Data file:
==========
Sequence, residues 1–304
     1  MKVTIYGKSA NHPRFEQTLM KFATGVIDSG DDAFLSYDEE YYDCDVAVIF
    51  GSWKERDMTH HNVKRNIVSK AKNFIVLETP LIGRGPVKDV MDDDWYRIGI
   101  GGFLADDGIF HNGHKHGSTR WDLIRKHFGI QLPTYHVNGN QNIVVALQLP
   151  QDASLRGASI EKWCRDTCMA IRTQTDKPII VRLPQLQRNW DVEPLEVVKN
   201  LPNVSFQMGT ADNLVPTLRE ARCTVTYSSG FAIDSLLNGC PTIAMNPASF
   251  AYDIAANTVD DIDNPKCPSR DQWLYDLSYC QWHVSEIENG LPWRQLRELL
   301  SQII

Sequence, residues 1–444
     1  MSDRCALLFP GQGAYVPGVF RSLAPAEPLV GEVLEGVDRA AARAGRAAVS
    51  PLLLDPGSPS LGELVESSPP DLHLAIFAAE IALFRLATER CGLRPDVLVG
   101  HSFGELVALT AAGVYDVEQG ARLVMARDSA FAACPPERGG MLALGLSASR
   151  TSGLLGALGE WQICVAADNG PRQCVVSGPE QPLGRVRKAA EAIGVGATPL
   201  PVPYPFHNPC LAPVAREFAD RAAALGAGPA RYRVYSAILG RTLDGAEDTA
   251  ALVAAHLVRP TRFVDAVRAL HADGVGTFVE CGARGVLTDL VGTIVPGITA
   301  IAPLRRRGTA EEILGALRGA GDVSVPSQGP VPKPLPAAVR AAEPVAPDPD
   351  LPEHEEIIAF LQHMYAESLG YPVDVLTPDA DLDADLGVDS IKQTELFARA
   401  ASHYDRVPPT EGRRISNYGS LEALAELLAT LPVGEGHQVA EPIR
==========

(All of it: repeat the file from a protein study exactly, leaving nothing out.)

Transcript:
Sequence, residues 1–304
     1  MKVTIYGKSA NHPRFEQTLM KFATGVIDSG DDAFLSYDEE YYDCDVAVIF
    51  GSWKERDMTH HNVKRNIVSK AKNFIVLETP LIGRGPVKDV MDDDWYRIGI
   101  GGFLADDGIF HNGHKHGSTR WDLIRKHFGI QLPTYHVNGN QNIVVALQLP
   151  QDASLRGASI EKWCRDTCMA IRTQTDKPII VRLPQLQRNW DVEPLEVVKN
   201  LPNVSFQMGT ADNLVPTLRE ARCTVTYSSG FAIDSLLNGC PTIAMNPASF
   251  AYDIAANTVD DIDNPKCPSR DQWLYDLSYC QWHVSEIENG LPWRQLRELL
   301  SQII

Sequence, residues 1–444
     1  MSDRCALLFP GQGAYVPGVF RSLAPAEPLV GEVLEGVDRA AARAGRAAVS
    51  PLLLDPGSPS LGELVESSPP DLHLAIFAAE IALFRLATER CGLRPDVLVG
   101  HSFGELVALT AAGVYDVEQG ARLVMARDSA FAACPPERGG MLALGLSASR
   151  TSGLLGALGE WQICVAADNG PRQCVVSGPE QPLGRVRKAA EAIGVGATPL
   201  PVPYPFHNPC LAPVAREFAD RAAALGAGPA RYRVYSAILG RTLDGAEDTA
   251  ALVAAHLVRP TRFVDAVRAL HADGVGTFVE CGARGVLTDL VGTIVPGITA
   301  IAPLRRRGTA EEILGALRGA GDVSVPSQGP VPKPLPAAVR AAEPVAPDPD
   351  LPEHEEIIAF LQHMYAESLG YPVDVLTPDA DLDADLGVDS IKQTELFARA
   401  ASHYDRVPPT EGRRISNYGS LEALAELLAT LPVGEGHQVA EPIR